Immigration and Housing: North-Western Europe

Research output: Chapter in Book/Report/Conference proceedingEntry for encyclopedia/dictionary


Immigrants to North-West Europe are more likely than the indigenous populations to live in deprived areas and occupy poor-quality, overcrowded, and unpopular housing and to pay a higher proportion of their income in housing costs. The housing experience of migrants reflects their immigrant status, ethnic origin, legal rights of access, and length of stay. A hierarchy of vulnerability can be discerned with the most vulnerable groups (undocumented migrants, asylum seekers, and refugees) experiencing the worst deprivations. Immigrant housing circumstances are also conditioned by the variable structures of national housing markets. Widespread commodification has tended to reduce, but not eradicate, these variations in recent years, resulting in a degree of similarity of immigrant experience across the countries of North-West Europe.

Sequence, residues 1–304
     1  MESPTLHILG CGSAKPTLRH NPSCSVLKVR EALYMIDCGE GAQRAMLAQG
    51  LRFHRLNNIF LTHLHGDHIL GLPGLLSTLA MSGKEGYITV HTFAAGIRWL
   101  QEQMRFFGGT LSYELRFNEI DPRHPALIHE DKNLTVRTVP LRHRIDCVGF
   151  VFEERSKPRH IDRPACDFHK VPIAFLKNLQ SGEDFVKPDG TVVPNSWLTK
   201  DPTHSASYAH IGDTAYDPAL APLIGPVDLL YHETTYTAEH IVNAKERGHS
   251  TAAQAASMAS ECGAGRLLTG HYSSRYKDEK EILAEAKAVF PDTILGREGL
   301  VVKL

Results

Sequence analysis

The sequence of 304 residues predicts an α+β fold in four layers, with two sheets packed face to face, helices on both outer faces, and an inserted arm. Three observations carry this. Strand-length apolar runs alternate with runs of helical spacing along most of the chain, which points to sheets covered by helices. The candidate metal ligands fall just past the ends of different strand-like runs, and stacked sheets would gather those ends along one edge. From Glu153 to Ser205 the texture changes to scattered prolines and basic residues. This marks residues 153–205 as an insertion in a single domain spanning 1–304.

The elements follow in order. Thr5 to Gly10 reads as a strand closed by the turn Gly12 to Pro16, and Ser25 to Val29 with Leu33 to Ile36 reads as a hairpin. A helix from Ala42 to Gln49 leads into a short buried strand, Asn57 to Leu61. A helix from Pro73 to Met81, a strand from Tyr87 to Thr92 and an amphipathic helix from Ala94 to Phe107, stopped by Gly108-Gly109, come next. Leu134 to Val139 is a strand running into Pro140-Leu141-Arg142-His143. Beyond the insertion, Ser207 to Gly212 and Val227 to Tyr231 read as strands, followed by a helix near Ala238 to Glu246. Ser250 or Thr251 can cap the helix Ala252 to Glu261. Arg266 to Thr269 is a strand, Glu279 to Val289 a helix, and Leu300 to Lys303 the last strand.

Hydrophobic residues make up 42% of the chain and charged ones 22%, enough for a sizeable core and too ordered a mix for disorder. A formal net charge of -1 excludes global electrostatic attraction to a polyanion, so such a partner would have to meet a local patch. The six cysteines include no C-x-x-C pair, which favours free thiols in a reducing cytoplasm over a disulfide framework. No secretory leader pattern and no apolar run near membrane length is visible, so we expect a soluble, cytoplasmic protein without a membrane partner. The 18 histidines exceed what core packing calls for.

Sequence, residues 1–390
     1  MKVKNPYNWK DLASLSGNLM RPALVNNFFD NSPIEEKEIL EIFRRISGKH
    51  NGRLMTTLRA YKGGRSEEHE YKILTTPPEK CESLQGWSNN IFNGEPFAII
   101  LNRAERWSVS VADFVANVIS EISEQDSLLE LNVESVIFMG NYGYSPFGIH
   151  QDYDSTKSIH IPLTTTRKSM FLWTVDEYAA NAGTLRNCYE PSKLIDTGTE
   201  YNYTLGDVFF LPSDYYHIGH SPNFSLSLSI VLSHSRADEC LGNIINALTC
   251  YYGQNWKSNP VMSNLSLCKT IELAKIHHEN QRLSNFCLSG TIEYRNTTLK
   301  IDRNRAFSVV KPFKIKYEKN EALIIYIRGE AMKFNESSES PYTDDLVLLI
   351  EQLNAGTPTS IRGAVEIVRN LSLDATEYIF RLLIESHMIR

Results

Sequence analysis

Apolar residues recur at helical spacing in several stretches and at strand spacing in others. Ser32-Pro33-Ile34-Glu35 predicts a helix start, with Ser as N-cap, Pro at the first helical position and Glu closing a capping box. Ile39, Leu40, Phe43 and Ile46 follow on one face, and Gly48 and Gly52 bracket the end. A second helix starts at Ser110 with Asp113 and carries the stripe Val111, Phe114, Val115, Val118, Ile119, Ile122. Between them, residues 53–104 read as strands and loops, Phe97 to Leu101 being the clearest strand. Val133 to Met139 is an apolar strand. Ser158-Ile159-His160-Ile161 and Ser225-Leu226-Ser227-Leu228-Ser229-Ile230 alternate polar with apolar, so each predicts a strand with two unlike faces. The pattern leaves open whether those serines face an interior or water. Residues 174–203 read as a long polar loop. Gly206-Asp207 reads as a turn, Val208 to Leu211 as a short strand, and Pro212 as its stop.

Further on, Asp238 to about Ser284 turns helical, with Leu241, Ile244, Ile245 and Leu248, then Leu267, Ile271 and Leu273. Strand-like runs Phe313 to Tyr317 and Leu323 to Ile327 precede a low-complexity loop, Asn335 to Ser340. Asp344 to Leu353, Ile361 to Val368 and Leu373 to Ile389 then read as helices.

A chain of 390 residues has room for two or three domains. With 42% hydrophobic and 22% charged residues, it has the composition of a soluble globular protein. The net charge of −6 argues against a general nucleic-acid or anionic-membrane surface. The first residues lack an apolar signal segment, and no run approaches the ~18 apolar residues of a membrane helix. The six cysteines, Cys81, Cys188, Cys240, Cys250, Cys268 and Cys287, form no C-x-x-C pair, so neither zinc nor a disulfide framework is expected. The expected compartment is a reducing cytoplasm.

Original languageEnglish
Title of host publicationInternational Encyclopedia of Housing and Home
EditorsSusan J. Smith
ISBN (Print)9780080471631
Publication statusPublished - Jun 2012


  • Immigrant
  • Housing tenure
  • Discrimination
  • Integration
  • Commodification
  • Welfare regimes


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